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Technology 101: Fire Bomber – MMEA’s Bombardier CL-415


MMEA’s Bombardier CL-415 thick in action – Image source: Bernama & MMEA

We need to buy more of this excellent fire bomber in the near future – wild fires & man made fires is expected to compound the environment for many years to come. We need to have the right tools and trained resources to put out the fire before it becomes a national crisis. And given the source of haze is from Indonesia, they need to have more fire bombers in their inventory.

First in Asia

Seriously I did not know we even had one in service but further digging in the internet shows that our MMEA (Malaysian Maritime Enforcement Agency) had 2 of these amphibious aircraft since 2008. In fact, Malaysia was the first country in Asia to have this excellent aircraft for maritime patrol & enforcement and aerial fire fighting.

The CL-415 is a modern fire fighting amphibious flying boat for use in detecting and suppressing forest fires. It can take up 6,137 litres of water for fire fighting tasks and an endurance of 3 hours within a range of 370 kilometres from the base. Considering that forest fires are too frequent in Canada, it is no surprise that Canada has 64 CL-415.

Indonesia on the other hand may opt to buy ShinMaywa US-2 which is a Japanese made amphibious aircraft (expected to cost USD113 million per aircraft). The Russians have their version in form of Beriev Be-12 (and the bigger Be-200) which started back in the 1960s for the Soviet Union maritime patrol.

MMEA & Haze

Haze Indonesia

This shows how versatile is the CL-415 & skillful our pilots are when it comes to fire fighting capability – Image source: Bernama & MMEA

MMEA’s CL-415 had been in thick of action in fighting forest fires since the country had enveloped with haze:-

The Bombardier CL 415 aircraft owned by Malaysian Maritime Enforcement Agency (MMEA), which is involved in a mission to put out the forest fires in South Sumatra, Indonesia, carried out 13 water bombings on the second day of the operation yesterday.

MMEA deputy director-general (Operations), Rear Admiral (Maritime) Datuk Che Hassan Jusoh said the mission which lasted four hours and 40 minutes involved the use of 78,000 litres of water.

The bombardier aircraft had carried out water scooping 10 times and water bombing 10 times within four hours of assignment on the first day of the operation on Sunday.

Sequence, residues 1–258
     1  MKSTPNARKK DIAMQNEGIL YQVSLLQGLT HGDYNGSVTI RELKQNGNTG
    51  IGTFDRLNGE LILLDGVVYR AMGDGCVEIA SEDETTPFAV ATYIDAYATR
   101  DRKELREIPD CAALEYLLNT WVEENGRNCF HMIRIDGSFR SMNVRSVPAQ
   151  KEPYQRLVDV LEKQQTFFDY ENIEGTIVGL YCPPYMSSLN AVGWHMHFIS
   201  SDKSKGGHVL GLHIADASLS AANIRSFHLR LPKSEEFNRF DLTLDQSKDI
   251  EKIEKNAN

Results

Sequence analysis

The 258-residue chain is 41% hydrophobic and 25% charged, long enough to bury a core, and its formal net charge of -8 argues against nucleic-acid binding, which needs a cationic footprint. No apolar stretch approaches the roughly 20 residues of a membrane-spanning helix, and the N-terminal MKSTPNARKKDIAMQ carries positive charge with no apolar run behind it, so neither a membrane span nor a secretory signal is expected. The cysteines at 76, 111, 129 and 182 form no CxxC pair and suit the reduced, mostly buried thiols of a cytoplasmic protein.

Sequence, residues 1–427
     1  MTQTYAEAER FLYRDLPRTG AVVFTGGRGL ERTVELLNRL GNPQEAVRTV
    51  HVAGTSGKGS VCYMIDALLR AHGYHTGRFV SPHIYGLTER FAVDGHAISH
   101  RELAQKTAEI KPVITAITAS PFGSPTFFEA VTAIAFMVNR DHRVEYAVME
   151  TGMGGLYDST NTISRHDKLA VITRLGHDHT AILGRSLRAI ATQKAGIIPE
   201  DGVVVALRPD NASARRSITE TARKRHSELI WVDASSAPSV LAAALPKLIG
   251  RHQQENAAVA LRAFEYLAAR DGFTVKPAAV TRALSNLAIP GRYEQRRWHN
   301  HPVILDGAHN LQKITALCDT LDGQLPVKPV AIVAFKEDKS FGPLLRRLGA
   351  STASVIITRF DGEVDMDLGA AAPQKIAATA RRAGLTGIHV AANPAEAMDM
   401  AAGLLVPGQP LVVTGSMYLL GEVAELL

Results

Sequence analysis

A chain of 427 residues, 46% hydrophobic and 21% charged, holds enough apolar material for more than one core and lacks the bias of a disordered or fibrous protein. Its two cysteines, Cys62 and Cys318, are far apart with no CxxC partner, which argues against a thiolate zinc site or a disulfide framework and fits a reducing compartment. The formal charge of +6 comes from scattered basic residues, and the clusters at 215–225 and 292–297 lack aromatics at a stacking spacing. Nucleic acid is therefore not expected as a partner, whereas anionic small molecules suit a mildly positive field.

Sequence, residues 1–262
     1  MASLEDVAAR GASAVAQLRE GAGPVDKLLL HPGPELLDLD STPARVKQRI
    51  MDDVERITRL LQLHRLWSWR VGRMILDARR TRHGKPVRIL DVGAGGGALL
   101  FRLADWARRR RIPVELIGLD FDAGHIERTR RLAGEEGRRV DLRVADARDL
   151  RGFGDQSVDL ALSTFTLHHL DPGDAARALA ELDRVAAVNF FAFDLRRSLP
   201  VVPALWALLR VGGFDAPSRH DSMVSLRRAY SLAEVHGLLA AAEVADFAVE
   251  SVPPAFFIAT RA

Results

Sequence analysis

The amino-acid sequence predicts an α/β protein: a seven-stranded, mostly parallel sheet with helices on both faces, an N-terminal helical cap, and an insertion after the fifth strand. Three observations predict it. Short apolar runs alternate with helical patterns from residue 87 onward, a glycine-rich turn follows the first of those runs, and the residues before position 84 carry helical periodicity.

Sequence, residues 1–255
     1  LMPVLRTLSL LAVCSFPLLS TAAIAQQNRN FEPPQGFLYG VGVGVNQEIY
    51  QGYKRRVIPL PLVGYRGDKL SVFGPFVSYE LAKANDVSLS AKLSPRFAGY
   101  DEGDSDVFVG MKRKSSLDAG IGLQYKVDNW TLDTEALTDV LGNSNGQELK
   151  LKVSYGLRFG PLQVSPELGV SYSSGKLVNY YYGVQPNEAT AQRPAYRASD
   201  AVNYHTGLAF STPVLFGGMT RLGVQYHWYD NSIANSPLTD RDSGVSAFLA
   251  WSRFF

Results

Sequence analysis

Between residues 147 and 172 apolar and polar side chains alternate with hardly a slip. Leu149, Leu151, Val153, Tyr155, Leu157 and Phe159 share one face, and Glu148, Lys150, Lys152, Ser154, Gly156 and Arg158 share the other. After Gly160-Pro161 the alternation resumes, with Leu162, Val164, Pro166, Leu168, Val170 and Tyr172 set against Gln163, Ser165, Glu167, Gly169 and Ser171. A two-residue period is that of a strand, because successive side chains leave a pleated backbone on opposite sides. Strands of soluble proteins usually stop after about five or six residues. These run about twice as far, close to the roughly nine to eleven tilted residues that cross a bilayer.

And this also included fire fighting operations in the country:-

The operation to fight forest and peatland fires in Sri Aman, Sarawak, which entered its seventh day Sunday (Sept 22), was boosted through the successful “water bombing” exercise by a Malaysian Maritime Enforcement Agency’s (MMEA) Bombardier CL-415 aircraft.

In Sunday’s operation, the aircraft, which began sorties at 8.15am, conducted 10 sorties over four hours, spraying a total of 60,000 litres of water to bring the fire under control.

The fire fighting operation spanning 54ha of forest land also saw the Fire and Rescue Department using its MI-171 helicopters to douse the blaze, with an active force of 30 firemen, aided by personnel from other agencies such as the Malaysian Armed Forces and MMEA.


Next Move

And this may need to be extended to the Fire and Rescue Department as well:-

The Malaysian Maritime Enforcement Agency (MMEA) is ready to conduct training for the Fire and Rescue Department personnel on how to operate the Bombardier CL-415 aircraft.

Its director-general, Maritime Admiral Mohd Zubil Mat Som said Sarawak – the largest state in the country with vast swathes of land inaccessible by road – must be equipped with at least one unit of such an aircraft.

The Bombardier CL-415 aircraft can scoop water from a river and drop it on areas that are ablaze.
The amphibious aircraft, based on the Canadair CL-215 and designed specifically for aerial fire fighting, was previously built by Canada based Canadair and is now manufactured by Bombardier Inc.

The aircraft has a top speed of 359 km/h, with a range of 2,443 km and is currently used by Italy, Greece and France among others and costs US$31 million (RM129,691,600).


At a cost of RM130 million each, these fire bombers do not come cheap. However consider the cost of damages that haze has caused the country from closure of schools, increase of haze related medical cases, and impact on the tourism industry, the cost of buying effective fire fighting bombers that can also other multi role functions may be justified.

Malaysia suffered RM1.57 billion in healthcare and loss of income opportunities in 2013 due to smoke from forest fires in Indonesia, according to a research paper published by Universiti Kebangsaan Malaysia (UKM) last year.

“This included the cost of illness, cost of medical treatment and hospitalisation, cost of medical-related leave taken as well as purchasing air pollution mask as protection.

“It also affects productivity as a whole when patients lose income opportunities when they are sick and this in turn affect the larger economy.”


We have yet to estimate the cost of damages caused by the haze for this year but expect it to be much higher than the figures back in 2013.

But in addition to enforcing the law against illegal burning & man made forest fires (of which Indonesia is said to be doing very poorly), the nations in this region who are affected by haze have also need to beef up their fire fighting capabilities and it should start with Indonesia getting more fire bombers in place. They should be the first responders and others like Malaysia’s MMEA fire bombers can be reassigned to other areas of the fire.

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